-High in added sugar: “Some varieties of soy milk come loaded with sugar”. “Added sugars boost your calories without offering nutritional value, and increase your risk of cardiovascular disease. Select unsweetened soy milk to minimize added sugar -- it contains just 1 gram of naturally occurring sugars and no added sugar. Chocolate and vanilla flavored soy milks, in contrast, contain 18 and 6 grams of added sugar per serving, respectively”. (Livestrong)
-Gluten free: Almond milk is “safe alternative for those who suffer from lactose intolerance, or who are allergic to gluten and casein” (Fit Day)
-Heart health: Almond milk has no dietary cholesterol and no saturated fat (Livestrong)
-High in antioxidants: Almond milk is a good source of the antioxidant vitamin E, so it can help prevent cancer and slow the signs of aging (Fit Day).
-Compared to soy and rice milk, almond milk has the highest concentrations of vitamins and minerals. While cow's milk, rice milk and soy milk are often fortified with various minerals and vitamins, all of these nutrients occur naturally in almond milk. This means that you can make almond milk yourself at home, and it's just as good for you as any almond milk you might buy in the store (Fit Day)
-not very much protein
-Not suitable for those with nut allergies: “Almonds are a tree nut, so almond milk isn't safe for consumption by those who suffer a tree nut allergy” (Fit Day)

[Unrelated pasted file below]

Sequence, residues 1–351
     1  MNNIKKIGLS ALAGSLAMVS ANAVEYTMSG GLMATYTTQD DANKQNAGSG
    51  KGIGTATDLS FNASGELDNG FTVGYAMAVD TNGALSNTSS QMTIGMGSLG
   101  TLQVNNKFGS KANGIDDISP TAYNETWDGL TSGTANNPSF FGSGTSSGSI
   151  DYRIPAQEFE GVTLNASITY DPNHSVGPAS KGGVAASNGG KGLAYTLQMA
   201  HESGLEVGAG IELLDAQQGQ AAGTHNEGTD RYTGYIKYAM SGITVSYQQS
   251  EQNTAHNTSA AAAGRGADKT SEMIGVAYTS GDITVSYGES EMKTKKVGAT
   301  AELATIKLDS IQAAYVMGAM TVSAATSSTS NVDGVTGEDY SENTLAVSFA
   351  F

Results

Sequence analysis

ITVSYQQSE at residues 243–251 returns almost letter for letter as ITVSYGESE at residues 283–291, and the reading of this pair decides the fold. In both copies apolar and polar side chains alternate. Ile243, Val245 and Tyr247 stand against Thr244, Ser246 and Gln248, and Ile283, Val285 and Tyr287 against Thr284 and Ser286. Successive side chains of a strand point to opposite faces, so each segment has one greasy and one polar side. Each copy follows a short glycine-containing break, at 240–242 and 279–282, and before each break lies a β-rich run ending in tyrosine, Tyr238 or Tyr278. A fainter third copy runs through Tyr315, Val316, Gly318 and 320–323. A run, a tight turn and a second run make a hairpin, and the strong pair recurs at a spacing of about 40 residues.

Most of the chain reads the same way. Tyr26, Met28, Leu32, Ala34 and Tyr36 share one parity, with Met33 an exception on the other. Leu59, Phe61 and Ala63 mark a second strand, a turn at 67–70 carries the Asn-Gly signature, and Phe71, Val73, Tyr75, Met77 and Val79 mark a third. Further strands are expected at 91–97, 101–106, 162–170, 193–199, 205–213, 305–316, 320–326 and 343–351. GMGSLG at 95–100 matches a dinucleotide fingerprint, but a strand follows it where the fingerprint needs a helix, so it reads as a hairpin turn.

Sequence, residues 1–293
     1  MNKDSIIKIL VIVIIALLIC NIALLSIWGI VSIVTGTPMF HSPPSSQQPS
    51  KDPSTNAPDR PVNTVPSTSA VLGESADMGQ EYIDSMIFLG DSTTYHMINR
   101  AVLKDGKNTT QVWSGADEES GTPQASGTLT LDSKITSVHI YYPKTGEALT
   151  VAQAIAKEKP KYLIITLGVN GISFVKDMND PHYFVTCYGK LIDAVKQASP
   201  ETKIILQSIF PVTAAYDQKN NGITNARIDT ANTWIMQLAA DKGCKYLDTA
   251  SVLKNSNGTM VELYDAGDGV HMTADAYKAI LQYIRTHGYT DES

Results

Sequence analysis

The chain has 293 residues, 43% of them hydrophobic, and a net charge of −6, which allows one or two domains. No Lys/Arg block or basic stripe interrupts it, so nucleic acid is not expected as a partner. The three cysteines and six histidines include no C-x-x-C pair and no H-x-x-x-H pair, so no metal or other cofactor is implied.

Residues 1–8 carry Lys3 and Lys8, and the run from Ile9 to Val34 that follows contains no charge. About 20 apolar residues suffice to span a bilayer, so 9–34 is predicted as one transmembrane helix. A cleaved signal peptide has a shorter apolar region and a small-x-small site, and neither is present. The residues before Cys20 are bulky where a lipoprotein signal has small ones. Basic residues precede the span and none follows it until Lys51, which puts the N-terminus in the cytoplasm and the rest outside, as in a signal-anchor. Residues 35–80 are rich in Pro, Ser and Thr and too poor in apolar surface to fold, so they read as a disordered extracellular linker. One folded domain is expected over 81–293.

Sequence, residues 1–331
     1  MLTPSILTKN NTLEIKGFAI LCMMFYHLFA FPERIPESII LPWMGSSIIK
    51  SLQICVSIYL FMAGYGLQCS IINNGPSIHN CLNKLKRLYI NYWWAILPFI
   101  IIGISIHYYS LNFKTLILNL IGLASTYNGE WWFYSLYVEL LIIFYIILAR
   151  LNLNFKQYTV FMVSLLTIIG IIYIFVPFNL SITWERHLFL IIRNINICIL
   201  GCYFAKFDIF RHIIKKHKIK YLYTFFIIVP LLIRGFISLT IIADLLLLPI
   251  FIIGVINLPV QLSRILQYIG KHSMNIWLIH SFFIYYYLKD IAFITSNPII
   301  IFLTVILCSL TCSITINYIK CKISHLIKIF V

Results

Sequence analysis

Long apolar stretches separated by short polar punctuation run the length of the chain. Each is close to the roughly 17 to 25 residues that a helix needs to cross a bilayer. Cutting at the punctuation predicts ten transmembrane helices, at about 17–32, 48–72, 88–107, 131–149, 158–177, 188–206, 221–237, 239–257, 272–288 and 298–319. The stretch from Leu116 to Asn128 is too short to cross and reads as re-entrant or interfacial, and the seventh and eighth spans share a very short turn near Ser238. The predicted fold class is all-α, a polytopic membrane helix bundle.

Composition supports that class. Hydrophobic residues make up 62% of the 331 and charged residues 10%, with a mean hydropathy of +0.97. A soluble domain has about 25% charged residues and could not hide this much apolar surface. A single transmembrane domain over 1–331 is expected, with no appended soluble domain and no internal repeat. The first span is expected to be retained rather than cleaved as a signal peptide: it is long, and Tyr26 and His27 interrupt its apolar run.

-It takes a lot of water to grow an almond: “Most of the concern about almonds’ effect on the environment has to do with the amount of water they require. According to Mother Jones, it takes 1.1 gallons of water to grow a single almond. Like many food crops, almonds make particularly heavy ecological demands on one particular part of the country: drought-stricken California” (Slate).
-Unlikely to cause allergy: Rice milk is the most hypoallergenic of all milk products. People with lactose intolerance or casein allergy cannot have dairy, and those with soy or nuts allergies cannot drink soy or almond milk. Rice milk contains a generous supply of balanced nutrition for those who are not able to tolerate other milk alternatives (Fit Day).
-Very high in carbohydrates: “Since rice is highly starchy, so is rice milk. One cup of rice milk contains 33 grams of carbohydrates, 3 to 4 times the amount in milk or soy milk” (Fit Day)